A little bit after I got my HTC Incredible, Swype became available for Android in beta. Swype is an alternate keyboard. For iPhone users that don’t get the concept, with an Android phone you can swap out the standard keyboard for something different.
There are several Android alternate keyboards. Some try to predict the next letter and make the most likely letters much bigger. But Swype is different. Instead of touching each letter individually, with Swype you touch the first letter, keep your finger on the keypad, and swipe your finger from one letter to the next. The software figures out what word you intended.
Depending on the word, it isn’t always unambiguous, so Swype presents you with a list of options. The software isn’t perfect (it’s still in beta) and doing double letters (i.e. the same letter twice in a row) is a bit tricky (it’s best to do a tiny loop on that letter). Seems like extra effort, so why do it?
Because it’s really fast.
Like world record fast. Like quadriplegic dude types faster than you fast.
When I first installed it, I hadn’t been using my phone for very long. It seemed a bit faster, but it was hard to tell. I got some nice envy from iPhone users, so that probably encouraged me to stick with it. It’s really handy holding the phone in one hand. But I wasn’t sure if it was a big deal or not.
Until I lost it.
Something funky happened. It’s not available via the Android Market so the installation process is a bit different. I was using it one day and I got a message, “your license has expired, please upgrade”. So my first thought was, “crap, they are out of beta and now they want to charge me”. But I couldn’t find any obvious way to upgrade. So I figured I’d check their website later when I got home. No biggie. But then I needed to send a text.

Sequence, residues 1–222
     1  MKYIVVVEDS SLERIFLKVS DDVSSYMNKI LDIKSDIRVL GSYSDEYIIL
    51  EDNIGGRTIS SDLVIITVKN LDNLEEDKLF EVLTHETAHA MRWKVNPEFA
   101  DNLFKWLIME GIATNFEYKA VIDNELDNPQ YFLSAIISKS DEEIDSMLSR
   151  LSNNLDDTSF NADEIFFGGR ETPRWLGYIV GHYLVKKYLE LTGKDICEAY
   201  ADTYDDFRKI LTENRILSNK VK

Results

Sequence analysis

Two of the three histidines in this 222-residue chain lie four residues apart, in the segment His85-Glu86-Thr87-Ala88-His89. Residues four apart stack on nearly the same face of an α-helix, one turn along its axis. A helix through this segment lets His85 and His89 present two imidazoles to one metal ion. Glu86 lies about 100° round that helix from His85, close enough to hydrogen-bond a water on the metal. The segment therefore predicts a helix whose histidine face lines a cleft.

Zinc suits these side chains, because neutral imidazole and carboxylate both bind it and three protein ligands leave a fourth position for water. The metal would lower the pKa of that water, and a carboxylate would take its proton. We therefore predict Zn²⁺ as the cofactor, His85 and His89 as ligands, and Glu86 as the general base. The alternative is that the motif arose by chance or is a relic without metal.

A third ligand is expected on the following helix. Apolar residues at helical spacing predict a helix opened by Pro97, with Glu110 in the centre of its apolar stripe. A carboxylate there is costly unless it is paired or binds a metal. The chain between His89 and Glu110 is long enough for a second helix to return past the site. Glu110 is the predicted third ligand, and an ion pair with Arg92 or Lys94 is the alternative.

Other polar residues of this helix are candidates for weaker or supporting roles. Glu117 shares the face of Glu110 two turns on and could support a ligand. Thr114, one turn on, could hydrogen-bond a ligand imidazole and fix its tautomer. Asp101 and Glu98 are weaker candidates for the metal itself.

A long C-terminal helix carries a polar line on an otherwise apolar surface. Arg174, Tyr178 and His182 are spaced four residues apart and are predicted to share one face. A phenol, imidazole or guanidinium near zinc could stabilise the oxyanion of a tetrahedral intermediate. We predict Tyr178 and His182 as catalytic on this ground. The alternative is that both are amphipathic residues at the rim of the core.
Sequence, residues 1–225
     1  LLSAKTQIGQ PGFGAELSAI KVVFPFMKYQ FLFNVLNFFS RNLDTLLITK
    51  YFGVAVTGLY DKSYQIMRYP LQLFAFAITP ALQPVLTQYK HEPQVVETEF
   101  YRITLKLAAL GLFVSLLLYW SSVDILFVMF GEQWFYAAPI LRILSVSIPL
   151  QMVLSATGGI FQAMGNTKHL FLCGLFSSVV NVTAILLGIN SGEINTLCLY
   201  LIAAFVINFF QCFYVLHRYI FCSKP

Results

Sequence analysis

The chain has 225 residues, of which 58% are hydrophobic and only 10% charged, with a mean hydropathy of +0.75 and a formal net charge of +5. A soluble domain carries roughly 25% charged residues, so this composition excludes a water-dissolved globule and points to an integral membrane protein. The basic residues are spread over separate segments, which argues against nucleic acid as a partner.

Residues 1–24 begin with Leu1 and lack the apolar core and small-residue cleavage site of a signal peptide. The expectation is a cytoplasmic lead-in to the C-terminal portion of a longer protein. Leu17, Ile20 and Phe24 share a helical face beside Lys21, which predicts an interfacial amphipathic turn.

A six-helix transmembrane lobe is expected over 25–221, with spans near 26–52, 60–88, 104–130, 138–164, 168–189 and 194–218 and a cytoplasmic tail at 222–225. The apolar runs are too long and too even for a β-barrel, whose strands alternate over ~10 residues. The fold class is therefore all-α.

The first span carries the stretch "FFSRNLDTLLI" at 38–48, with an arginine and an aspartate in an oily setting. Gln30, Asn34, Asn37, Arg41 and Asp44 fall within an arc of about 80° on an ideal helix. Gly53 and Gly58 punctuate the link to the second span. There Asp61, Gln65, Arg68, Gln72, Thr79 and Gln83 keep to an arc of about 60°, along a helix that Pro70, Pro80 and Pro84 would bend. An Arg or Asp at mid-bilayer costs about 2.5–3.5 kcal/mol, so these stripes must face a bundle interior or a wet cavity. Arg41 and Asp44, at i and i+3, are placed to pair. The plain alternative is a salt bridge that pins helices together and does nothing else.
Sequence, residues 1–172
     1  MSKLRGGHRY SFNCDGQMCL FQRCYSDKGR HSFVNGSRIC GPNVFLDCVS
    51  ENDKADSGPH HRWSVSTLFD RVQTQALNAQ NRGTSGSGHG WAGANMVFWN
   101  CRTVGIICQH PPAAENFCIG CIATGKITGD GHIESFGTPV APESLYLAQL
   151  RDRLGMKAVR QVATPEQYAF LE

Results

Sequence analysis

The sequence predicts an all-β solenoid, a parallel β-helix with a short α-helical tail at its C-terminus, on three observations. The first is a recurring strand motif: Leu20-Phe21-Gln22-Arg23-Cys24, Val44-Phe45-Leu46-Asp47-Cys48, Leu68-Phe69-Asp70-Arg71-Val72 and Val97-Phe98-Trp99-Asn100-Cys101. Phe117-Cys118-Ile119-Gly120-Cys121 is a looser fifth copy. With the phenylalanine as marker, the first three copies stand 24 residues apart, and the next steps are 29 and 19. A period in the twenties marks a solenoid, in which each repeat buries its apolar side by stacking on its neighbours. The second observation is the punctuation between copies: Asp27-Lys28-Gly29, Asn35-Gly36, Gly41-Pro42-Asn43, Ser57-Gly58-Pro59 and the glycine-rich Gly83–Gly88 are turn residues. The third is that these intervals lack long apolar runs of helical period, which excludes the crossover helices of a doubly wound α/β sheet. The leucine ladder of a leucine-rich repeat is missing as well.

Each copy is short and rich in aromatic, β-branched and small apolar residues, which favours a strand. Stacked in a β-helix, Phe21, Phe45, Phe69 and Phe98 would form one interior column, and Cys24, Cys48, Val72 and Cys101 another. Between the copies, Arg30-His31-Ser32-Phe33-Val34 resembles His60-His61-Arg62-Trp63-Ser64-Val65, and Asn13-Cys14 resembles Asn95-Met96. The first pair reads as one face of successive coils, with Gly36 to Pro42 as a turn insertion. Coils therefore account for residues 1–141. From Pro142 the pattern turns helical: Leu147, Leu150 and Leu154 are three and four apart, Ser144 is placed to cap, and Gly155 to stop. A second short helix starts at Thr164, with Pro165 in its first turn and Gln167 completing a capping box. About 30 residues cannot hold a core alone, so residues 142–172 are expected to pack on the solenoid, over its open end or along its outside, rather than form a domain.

And this was just a text. 50 letters tops. Seriously, torture. Typing the regular way was soooooo slow. I vowed that whatever Swype was charging, I would pay it willingly. The whole, “maybe I’ll switch to iPhone now that it’s on Verizon” thing went out the window.
I got home, checked their website and saw no mention of charging for anything, though there was some mention of a new version. So I just tried uninstalling and reinstalling.
Back in business.
I also paid a bit more attention to the speed and accuracy stats on their website. Sure, it’s marketing, but they are claiming average typing speeds twice as fast as “point and tap” phone methods.
I’m telling you, it’s twice as fast. It was just flat out painful doing anything the old way. I couldn’t bear it.
So while I understand that telling a company that you’ll pay whatever they want to charge is not exactly shrewd negotiating, if they ever do decide to charge for it, I’m buying it with a big fat smile on my face.
If you are on Android, join the beta here.